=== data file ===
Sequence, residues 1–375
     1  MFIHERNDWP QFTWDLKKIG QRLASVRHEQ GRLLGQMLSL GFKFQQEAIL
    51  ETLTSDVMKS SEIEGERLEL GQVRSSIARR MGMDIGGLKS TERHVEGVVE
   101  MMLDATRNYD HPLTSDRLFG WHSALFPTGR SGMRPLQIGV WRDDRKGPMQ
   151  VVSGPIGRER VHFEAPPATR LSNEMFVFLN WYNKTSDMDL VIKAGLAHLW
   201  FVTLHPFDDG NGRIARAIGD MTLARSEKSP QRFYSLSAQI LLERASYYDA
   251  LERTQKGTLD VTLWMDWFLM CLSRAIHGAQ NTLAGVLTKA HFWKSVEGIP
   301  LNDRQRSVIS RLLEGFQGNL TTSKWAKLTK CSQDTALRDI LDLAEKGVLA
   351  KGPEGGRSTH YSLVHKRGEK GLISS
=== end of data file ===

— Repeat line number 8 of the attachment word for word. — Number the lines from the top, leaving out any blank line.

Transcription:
   301  LNDRQRSVIS RLLEGFQGNL TTSKWAKLTK CSQDTALRDI LDLAEKGVLA